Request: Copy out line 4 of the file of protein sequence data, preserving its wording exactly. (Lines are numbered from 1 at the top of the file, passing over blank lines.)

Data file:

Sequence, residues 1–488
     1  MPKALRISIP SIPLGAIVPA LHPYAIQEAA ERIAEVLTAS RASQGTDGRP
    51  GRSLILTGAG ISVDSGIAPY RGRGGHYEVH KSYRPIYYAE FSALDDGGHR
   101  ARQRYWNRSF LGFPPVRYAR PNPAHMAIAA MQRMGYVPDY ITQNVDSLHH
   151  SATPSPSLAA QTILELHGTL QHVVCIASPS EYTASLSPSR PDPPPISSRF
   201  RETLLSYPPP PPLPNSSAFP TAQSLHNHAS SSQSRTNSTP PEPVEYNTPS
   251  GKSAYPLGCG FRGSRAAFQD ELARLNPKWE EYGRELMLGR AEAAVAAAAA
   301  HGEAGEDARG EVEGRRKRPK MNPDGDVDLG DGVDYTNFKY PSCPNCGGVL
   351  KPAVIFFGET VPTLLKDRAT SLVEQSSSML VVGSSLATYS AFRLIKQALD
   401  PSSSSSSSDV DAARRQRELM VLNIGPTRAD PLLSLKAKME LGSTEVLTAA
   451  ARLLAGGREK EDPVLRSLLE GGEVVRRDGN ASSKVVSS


   101  ARQRYWNRSF LGFPPVRYAR PNPAHMAIAA MQRMGYVPDY ITQNVDSLHH